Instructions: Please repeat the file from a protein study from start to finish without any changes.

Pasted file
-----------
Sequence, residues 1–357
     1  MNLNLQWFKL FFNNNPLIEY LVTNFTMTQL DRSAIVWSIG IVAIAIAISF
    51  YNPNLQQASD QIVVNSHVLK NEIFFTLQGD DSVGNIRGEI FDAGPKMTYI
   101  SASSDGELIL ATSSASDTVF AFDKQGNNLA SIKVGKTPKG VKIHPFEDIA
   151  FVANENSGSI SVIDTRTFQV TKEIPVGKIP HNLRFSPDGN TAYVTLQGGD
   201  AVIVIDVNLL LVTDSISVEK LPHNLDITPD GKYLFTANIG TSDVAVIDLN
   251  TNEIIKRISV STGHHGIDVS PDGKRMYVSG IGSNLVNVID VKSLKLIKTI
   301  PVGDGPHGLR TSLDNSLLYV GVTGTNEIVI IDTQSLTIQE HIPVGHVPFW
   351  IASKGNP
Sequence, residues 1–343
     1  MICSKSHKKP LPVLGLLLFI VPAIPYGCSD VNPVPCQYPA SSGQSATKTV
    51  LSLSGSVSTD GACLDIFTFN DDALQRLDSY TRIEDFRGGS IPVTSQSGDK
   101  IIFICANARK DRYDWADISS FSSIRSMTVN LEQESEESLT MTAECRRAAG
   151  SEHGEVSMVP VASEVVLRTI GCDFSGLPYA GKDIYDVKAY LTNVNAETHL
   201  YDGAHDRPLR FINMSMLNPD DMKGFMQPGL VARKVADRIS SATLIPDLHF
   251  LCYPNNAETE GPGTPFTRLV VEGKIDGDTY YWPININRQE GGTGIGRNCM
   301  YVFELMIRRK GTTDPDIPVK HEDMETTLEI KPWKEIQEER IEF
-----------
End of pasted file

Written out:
Sequence, residues 1–357
     1  MNLNLQWFKL FFNNNPLIEY LVTNFTMTQL DRSAIVWSIG IVAIAIAISF
    51  YNPNLQQASD QIVVNSHVLK NEIFFTLQGD DSVGNIRGEI FDAGPKMTYI
   101  SASSDGELIL ATSSASDTVF AFDKQGNNLA SIKVGKTPKG VKIHPFEDIA
   151  FVANENSGSI SVIDTRTFQV TKEIPVGKIP HNLRFSPDGN TAYVTLQGGD
   201  AVIVIDVNLL LVTDSISVEK LPHNLDITPD GKYLFTANIG TSDVAVIDLN
   251  TNEIIKRISV STGHHGIDVS PDGKRMYVSG IGSNLVNVID VKSLKLIKTI
   301  PVGDGPHGLR TSLDNSLLYV GVTGTNEIVI IDTQSLTIQE HIPVGHVPFW
   351  IASKGNP
Sequence, residues 1–343
     1  MICSKSHKKP LPVLGLLLFI VPAIPYGCSD VNPVPCQYPA SSGQSATKTV
    51  LSLSGSVSTD GACLDIFTFN DDALQRLDSY TRIEDFRGGS IPVTSQSGDK
   101  IIFICANARK DRYDWADISS FSSIRSMTVN LEQESEESLT MTAECRRAAG
   151  SEHGEVSMVP VASEVVLRTI GCDFSGLPYA GKDIYDVKAY LTNVNAETHL
   201  YDGAHDRPLR FINMSMLNPD DMKGFMQPGL VARKVADRIS SATLIPDLHF
   251  LCYPNNAETE GPGTPFTRLV VEGKIDGDTY YWPININRQE GGTGIGRNCM
   301  YVFELMIRRK GTTDPDIPVK HEDMETTLEI KPWKEIQEER IEF